MPA Transfer Credit
Transfer Credits and prior experience
Students with graduate credits from another university may petition to have up to 12 hours of those credits transferred to UIS and credited to the MPA degree. To qualify for consideration:
- you must have taken the courses at an accredited institution;
- you must have enrolled for the course at the graduate level;
- you may not have used the course for any other degree you hold;
- you must have earned at least a straight B in the course; and
- you must have completed the course within five years of your first term of MPA Program admission.
Transfer credits accepted toward the MPA may count in either the core area or as MPA electives. If the credits are in the core area, the transfer course may count as both a waiver and as a substitute for the required UIS MPA course in question.
In the case of transferred elective credits, two kinds of acceptance criteria may be considered. Where the eligible credits reflect courses that are routinely included in a NASPAA accredited MPA curriculum, the credits may be accepted and counted toward the PAD electives required for the degree. If the requested transfer credits are in areas that are not conventionally considered public administration, but the student can make a cogent case that the credits augment his or her chosen specialization area, the credits may count toward the student’s outside electives.
Note that transfer courses that are less than three hours of credit may be accepted for UIS courses, but the total hour count for graduation will still need to be 36 hours.
Finally, no graduate work can be applied toward the MPA degree if that course substantially duplicates prerequisite requirements. For example, no 400- or 500- level UIS course, or course taken elsewhere for graduate credit, that includes a substantial focus on introductory microeconomics or U.S. government will receive transfer credit.
To apply for use of transfer credits from another university toward the MPA degree, the student must ensure the other university has sent his or her official transcript to the UIS Office of Admissions and Records. This Office will evaluate prior graduate course work to determine which courses may be eligible for consideration for transfer credits. If any credits are indicated as eligible on the Admissions report, the student will work with their advisor to request that the transfer credits be considered as substitutes for core or elective courses. If the transfer is to a core course, the advisor will check with a tenure-track faculty member who teaches the core course to assure the appropriateness of the transfer.
Note that courses that have been counted towards another degree may not be transferred. The UIS catalogue language describes credit which may be transferred. It says:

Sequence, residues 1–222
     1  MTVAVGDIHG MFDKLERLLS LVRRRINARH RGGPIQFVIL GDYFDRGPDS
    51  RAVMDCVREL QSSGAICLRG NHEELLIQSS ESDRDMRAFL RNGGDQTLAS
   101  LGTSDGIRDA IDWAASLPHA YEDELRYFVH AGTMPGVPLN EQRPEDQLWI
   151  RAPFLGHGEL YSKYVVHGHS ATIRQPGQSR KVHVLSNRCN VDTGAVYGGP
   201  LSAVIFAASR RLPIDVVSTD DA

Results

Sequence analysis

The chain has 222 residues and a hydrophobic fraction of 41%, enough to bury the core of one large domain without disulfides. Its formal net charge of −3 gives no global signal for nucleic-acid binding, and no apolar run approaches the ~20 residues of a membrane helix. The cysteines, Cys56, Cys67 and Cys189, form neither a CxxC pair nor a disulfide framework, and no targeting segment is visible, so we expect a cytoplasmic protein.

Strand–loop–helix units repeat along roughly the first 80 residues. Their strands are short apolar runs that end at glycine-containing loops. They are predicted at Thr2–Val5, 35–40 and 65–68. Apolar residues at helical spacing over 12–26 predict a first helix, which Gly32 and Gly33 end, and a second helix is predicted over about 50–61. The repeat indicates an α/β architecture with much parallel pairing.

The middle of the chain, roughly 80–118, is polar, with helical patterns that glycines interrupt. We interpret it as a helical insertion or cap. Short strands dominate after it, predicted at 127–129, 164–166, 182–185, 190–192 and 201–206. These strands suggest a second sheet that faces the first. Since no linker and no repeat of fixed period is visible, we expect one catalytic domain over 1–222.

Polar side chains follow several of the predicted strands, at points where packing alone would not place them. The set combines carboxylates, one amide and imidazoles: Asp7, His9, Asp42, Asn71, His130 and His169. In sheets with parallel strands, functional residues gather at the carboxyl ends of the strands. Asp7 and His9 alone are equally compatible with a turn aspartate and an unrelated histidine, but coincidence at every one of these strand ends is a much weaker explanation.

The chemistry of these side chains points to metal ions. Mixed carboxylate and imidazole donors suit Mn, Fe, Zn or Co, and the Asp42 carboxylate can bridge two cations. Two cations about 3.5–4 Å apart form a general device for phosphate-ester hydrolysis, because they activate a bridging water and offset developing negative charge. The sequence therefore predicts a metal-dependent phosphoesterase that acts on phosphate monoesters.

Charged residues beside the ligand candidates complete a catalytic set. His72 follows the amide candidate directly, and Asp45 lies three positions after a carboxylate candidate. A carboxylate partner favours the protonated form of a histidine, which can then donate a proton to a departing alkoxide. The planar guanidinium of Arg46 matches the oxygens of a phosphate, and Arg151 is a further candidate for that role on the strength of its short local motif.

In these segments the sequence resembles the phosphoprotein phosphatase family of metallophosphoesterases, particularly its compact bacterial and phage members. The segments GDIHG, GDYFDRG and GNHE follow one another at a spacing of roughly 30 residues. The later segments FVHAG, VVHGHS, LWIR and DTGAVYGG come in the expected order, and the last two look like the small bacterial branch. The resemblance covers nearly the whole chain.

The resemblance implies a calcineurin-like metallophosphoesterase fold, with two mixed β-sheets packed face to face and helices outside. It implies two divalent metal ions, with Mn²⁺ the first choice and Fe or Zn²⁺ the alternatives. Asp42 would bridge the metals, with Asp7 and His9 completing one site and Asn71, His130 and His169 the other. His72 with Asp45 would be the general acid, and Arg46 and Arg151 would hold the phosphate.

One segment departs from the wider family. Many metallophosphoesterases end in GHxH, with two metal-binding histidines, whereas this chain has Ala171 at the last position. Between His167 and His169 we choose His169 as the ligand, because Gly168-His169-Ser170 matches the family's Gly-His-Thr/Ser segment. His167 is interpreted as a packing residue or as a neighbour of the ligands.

Transfer Credit at the Master’s Level
Residency Requirement: UIS may accept up to 12 semester hours of graduate-level work completed at other accredited institutions. However, only hours earned with a grade of B or better and accepted by the program will also be accepted by UIS. Request to transfer credit for courses bearing a grade such as P (pass) or CR (credit) must be supported by certification from the institution or instructor that the work was of at least B quality.
Time Limit on Transfer Credit: All transfer credit to be applied to a master’s degree must have been earned within five years of the first graduate course taken at UIS in pursuit of that degree. Exceptions may be granted by programs on a case-by-case basis.
Credit for Prior Experience
The Department of Public Administration recognizes that some students entering the MPA Program have extensive backgrounds in the fields of public administration or nonprofit management. That past experience will certainly enhance your absorption of the theoretical knowledge and current best practices provided from the curriculum. What’s more, your contributions from your experience to class discussions greatly enrich the learning environment for all.
However the Master of Public Administration program does not give credit for prior experience. This policy is based on the idea that you have returned to school to add to your education, to learn something new. All areas of the field of public administration grow annually through the sharing of research and best practices from the field. The MPA curriculum is regularly updated with the latest knowledge from the field. Students would lose the opportunity to find this new knowledge if we were to allow the substitution of past experience for new information.